- Virtual care and telehealth are becoming more widely adopted because of the COVID-19 pandemic.
- A Cigna + Oscar survey found that small businesses in particular benefit from digital health.1
- Virtual care has barriers to entry. Healthcare providers can do more to help it meet its potential.
With many people feeling trepidation about visiting a doctor in person and sitting in a crowded waiting room filled with other people during the pandemic, virtual healthcare quickly became part of the new normal.
From phone calls with a therapist to video visits with a dermatologist or a primary-care physician, what seemed futuristic in 2019 became increasingly common during the several months of lockdown at the height of the pandemic.
McKinsey & Company found that while virtual primary care spiked in popularity in April 2020, utilization levels later stabilized to represent 13% to 17% across all specialties.2 That number is 38 times higher2 than before the pandemic, but there is still potential for the service to reach more people and improve healthcare plans.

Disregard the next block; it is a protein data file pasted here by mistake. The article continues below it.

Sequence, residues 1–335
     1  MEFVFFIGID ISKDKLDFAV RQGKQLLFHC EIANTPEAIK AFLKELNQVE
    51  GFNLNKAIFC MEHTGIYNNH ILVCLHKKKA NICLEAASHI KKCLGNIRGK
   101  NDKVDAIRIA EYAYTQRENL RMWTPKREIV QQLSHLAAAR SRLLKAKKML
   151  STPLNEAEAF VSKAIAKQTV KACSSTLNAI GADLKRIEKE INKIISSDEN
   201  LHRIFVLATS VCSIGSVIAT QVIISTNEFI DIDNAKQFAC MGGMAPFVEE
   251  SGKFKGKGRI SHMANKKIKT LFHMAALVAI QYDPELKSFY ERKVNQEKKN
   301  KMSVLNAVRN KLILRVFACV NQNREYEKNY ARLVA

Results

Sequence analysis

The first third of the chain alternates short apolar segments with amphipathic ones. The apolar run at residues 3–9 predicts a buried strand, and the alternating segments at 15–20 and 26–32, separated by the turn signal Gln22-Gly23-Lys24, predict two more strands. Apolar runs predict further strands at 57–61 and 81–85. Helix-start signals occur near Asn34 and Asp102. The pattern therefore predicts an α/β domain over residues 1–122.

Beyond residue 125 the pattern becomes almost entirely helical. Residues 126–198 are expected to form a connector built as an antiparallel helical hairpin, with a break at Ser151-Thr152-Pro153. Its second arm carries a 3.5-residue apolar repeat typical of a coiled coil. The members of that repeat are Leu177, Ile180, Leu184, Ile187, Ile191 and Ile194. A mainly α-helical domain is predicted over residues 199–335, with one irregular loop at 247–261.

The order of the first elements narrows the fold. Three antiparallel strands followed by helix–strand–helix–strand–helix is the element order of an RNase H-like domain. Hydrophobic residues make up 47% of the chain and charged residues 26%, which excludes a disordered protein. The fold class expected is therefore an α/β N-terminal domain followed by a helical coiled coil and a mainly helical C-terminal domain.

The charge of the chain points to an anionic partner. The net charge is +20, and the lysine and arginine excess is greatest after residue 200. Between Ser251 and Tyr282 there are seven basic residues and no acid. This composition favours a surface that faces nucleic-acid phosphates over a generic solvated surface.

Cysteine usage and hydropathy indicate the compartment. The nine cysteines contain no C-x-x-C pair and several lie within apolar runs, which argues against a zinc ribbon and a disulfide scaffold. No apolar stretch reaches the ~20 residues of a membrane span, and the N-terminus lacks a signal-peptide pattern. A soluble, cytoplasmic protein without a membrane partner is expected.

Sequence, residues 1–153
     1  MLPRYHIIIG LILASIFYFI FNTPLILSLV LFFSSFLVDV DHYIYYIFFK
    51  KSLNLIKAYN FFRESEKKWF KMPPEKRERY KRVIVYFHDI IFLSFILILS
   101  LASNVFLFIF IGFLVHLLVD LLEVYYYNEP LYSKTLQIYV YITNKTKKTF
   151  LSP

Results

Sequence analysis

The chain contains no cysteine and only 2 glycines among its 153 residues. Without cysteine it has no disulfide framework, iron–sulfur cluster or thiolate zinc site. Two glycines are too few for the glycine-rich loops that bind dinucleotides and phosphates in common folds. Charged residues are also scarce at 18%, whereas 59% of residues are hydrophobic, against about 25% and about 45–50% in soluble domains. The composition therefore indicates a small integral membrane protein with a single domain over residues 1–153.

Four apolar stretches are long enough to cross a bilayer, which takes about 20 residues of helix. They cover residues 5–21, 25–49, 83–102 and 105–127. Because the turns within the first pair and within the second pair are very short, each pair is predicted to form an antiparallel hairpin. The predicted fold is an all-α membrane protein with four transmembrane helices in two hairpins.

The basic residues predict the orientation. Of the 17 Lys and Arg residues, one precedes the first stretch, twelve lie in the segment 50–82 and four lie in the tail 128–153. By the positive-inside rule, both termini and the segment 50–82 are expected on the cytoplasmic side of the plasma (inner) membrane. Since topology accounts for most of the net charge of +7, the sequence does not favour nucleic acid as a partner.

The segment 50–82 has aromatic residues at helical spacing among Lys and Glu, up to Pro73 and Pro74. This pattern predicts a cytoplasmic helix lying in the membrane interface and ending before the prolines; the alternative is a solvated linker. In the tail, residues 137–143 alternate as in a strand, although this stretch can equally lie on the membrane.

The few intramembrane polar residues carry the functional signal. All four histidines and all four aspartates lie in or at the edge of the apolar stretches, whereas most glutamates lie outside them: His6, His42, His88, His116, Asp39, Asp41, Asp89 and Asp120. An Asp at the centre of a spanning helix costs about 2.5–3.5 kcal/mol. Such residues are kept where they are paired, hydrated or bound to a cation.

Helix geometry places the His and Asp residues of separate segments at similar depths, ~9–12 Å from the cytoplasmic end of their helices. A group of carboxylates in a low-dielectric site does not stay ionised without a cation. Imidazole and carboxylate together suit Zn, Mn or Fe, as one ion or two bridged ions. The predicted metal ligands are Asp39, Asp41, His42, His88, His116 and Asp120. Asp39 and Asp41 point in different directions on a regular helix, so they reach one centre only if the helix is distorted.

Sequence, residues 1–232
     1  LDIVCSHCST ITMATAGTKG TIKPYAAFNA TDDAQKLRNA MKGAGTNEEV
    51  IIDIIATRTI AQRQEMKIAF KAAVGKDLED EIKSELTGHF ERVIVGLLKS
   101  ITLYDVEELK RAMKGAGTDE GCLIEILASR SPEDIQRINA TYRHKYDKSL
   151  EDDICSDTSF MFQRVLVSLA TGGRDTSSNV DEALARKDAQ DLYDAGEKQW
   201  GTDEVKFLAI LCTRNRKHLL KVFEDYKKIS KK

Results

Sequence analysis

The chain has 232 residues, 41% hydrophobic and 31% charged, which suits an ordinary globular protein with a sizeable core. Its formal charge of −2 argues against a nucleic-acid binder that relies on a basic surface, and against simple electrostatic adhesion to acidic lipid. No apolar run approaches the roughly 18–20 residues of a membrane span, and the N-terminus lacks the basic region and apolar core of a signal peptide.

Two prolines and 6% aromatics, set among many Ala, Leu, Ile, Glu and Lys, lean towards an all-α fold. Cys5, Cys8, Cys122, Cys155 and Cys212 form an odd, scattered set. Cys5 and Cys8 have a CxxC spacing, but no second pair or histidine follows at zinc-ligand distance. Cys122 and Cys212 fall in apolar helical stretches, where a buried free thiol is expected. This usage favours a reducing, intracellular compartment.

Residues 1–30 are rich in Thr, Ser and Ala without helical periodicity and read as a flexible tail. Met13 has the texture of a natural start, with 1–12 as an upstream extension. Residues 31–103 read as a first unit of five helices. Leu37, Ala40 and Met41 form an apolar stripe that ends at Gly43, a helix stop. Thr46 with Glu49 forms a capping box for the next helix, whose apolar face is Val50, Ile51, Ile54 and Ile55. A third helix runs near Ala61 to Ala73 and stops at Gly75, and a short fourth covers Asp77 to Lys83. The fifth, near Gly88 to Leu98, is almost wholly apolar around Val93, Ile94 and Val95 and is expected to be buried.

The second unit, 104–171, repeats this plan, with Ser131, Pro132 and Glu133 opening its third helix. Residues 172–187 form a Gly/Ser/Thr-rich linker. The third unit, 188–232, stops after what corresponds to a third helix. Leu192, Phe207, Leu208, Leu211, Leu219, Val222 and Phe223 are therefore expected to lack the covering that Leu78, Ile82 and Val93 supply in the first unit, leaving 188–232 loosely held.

There are still significant barriers to the widespread adoption of virtual care and its increased integration into health plans — such as a perception that the technology isn’t secure and a feeling of discomfort toward technology among patients, particularly older ones. These barriers must be addressed for telehealth use to continue to grow.
Virtual care isn’t only convenient. It can also help save businesses money. Many small businesses would like their insurance providers to offer virtual care options, found a recent survey of small-business owners and health-insurance/employee-benefits decision-makers and employees conducted by Cigna + Oscar alliance, along with Insider Studios and first-party data and insights platform provider Dynata. Two-thirds of owners and benefits decision-makers said it can save time, and that it’s more productive.1